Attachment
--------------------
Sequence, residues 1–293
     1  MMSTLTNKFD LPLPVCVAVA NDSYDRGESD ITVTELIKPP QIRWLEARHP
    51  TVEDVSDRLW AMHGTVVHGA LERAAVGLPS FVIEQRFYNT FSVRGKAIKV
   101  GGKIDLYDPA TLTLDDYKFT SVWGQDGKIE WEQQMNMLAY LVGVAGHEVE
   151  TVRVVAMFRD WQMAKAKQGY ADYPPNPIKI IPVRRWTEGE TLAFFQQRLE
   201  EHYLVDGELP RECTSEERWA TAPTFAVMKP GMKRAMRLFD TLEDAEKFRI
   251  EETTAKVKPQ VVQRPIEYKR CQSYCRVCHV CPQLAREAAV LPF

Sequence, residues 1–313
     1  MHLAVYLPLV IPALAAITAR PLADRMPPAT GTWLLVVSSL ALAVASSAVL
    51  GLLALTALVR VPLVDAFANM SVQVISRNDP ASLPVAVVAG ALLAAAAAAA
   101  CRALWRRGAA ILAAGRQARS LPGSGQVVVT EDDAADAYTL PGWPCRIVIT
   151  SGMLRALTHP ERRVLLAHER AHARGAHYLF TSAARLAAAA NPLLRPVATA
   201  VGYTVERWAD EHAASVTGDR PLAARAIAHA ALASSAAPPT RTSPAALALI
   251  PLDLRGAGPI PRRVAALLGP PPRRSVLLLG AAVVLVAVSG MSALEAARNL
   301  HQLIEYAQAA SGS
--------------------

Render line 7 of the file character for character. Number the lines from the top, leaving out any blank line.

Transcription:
   251  EETTAKVKPQ VVQRPIEYKR CQSYCRVCHV CPQLAREAAV LPF